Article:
There are four basic ways you may not have to share your property if you split up with your spouse or common-law spouse.
- Excluded Property: The Family Law Act, which came into force in March 2013 adopted an “excluded property” model. Separating spouses end up with a “communal pot” of family property to divide, but excluded property is removed from the pot. Excluded property includes property acquired by a spouse before the relationship began, property inherited by a spouse, and gifts received by a spouse from a third party. The definition of excluded property also reaches “property derived from” excluded property or from the disposition of excluded property. Excluded property must not be divided (unless it would be significantly unfair not to divide it having regard to only two factors — the duration of the parties’ relationship and any direct contribution by a spouse to the preservation or maintenance of the property).
- Reapportionment: Section 95 of the FLA provides that the court can divide family property unequally if it would be significantly unfair to divide it equally. In making this decision, the court may consider the duration of the relationship; whether there was an agreement between the spouses about the property; one spouse’s contribution to the career of the other spouse; whether family debt was incurred; the ability of each spouse to pay a share of the family debt; whether a spouse, after the date of separation, caused a significant decrease or increase in the value of family property; any tax liability that may be incurred by a spouse as a result of a transfer or sale of property; and any other factor causing significant unfairness.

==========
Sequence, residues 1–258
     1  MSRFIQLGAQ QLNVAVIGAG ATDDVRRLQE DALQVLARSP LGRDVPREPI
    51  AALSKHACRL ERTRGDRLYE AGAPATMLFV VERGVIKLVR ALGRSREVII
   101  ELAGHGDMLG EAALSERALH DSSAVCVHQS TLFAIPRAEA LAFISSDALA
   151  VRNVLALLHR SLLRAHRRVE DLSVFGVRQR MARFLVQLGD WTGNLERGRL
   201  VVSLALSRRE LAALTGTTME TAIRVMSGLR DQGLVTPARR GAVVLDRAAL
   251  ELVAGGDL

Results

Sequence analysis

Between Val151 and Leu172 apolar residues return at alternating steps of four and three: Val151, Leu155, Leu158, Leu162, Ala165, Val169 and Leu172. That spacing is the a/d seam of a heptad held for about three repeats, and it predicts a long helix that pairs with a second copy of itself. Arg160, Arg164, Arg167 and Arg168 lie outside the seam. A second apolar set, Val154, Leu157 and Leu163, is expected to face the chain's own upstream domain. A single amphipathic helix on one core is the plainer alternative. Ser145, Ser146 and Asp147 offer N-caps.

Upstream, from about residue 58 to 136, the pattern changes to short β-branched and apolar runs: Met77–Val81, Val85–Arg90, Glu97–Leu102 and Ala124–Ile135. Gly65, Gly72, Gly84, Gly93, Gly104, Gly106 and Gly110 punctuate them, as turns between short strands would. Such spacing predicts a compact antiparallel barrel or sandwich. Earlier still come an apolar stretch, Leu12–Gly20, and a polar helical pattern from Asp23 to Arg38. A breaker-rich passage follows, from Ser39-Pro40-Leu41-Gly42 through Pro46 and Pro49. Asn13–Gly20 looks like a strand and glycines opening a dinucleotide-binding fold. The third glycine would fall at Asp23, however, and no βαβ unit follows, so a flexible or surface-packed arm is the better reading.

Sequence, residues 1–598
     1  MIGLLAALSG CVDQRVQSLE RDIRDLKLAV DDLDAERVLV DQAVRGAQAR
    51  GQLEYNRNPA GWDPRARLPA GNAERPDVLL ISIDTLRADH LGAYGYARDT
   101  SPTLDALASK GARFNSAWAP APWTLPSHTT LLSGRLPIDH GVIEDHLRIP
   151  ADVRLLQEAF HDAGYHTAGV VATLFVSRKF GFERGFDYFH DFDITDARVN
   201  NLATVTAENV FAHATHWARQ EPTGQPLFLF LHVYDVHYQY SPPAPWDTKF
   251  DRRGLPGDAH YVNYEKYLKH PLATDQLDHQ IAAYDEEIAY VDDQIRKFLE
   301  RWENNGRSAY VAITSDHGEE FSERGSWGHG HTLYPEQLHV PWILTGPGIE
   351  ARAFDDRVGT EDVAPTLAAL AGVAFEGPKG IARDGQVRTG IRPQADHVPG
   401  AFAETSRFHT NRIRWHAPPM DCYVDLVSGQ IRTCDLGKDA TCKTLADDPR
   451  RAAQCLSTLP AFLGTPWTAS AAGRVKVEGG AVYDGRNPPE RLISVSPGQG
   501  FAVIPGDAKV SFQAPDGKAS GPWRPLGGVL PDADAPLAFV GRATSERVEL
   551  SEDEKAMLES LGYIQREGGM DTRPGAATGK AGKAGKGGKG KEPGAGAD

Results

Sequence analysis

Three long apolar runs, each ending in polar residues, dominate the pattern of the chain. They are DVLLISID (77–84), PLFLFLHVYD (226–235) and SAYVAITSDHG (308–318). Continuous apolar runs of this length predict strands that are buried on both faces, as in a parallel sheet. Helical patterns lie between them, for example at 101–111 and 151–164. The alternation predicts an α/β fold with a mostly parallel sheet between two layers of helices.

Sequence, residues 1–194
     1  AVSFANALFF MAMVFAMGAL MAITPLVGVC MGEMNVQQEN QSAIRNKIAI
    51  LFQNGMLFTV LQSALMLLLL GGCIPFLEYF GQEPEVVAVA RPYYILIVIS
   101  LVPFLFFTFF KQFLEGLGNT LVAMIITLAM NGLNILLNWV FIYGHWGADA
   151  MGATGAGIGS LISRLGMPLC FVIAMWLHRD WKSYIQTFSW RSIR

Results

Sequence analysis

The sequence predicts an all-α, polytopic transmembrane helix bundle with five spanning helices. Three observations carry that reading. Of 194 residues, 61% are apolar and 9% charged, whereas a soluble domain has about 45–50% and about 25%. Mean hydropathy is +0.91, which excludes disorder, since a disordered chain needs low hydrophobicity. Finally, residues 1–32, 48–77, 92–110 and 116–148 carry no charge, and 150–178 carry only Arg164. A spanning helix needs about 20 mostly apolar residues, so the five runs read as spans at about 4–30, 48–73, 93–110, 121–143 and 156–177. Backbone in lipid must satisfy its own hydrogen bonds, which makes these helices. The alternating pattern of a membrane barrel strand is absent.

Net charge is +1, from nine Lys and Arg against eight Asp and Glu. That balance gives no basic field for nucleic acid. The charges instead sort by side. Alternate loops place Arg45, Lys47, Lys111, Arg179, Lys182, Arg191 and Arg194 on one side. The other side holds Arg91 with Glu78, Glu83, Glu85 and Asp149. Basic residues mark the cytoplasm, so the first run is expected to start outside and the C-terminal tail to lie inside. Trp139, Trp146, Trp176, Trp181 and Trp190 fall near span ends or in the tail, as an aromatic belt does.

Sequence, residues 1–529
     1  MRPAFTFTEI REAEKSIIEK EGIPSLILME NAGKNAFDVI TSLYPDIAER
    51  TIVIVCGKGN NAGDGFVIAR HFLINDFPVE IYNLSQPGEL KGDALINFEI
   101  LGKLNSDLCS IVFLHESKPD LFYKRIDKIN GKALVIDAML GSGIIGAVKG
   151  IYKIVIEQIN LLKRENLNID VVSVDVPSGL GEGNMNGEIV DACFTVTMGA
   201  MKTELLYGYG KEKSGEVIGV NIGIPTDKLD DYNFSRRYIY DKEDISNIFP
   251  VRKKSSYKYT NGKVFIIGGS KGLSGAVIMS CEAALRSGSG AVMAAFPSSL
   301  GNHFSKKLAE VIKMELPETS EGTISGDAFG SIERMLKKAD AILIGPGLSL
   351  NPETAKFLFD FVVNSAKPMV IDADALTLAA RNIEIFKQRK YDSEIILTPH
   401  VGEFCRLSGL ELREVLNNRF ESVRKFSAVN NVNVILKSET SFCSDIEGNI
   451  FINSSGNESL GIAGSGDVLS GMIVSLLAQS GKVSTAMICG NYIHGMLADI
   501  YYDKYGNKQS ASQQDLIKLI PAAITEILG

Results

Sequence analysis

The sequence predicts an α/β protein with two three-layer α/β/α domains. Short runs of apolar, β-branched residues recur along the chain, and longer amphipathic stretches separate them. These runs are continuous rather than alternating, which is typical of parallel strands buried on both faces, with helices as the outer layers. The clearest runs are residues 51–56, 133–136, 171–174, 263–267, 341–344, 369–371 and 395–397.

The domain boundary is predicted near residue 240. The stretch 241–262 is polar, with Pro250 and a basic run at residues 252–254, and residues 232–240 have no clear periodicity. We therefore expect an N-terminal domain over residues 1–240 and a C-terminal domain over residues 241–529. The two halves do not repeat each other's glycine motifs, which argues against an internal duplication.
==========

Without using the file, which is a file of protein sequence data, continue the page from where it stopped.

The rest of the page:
- Prenups and Cohabitation Agreements: An agreement can operate to protect you from sharing your assets with your spouse should you break up. A good legal agreement can also prevent the stress, expense and uncertainty of dividing assets should the relationship end and parties don’t agree. Agreements are intended to be binding on the parties who sign them. However, the court can set an agreement aside or vary it in certain circumstances.
- Estate Planning: This is a process which utilizes a wide variety of devices and vehicles such that a person can exercise as much control as possible over what will happen to his or her legacy when that person dies. The devices and vehicles can include wills, trusts, beneficiary designations, property ownership and co-ownership, gifts, tax-saving or tax-deferring facilities, and powers of attorney. These issues can impact a claim you make, a claim made against you, and/or a claim made against your inheritance or future legacy.